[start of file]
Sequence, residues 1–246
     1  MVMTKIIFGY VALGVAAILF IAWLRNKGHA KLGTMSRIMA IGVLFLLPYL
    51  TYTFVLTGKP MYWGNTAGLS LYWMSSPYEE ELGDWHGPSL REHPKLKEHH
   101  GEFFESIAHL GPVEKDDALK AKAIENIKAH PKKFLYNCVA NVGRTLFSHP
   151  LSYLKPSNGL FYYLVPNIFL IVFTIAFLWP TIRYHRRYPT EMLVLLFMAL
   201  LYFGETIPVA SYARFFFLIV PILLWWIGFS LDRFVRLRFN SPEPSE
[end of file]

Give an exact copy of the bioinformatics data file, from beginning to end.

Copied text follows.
Sequence, residues 1–246
     1  MVMTKIIFGY VALGVAAILF IAWLRNKGHA KLGTMSRIMA IGVLFLLPYL
    51  TYTFVLTGKP MYWGNTAGLS LYWMSSPYEE ELGDWHGPSL REHPKLKEHH
   101  GEFFESIAHL GPVEKDDALK AKAIENIKAH PKKFLYNCVA NVGRTLFSHP
   151  LSYLKPSNGL FYYLVPNIFL IVFTIAFLWP TIRYHRRYPT EMLVLLFMAL
   201  LYFGETIPVA SYARFFFLIV PILLWWIGFS LDRFVRLRFN SPEPSE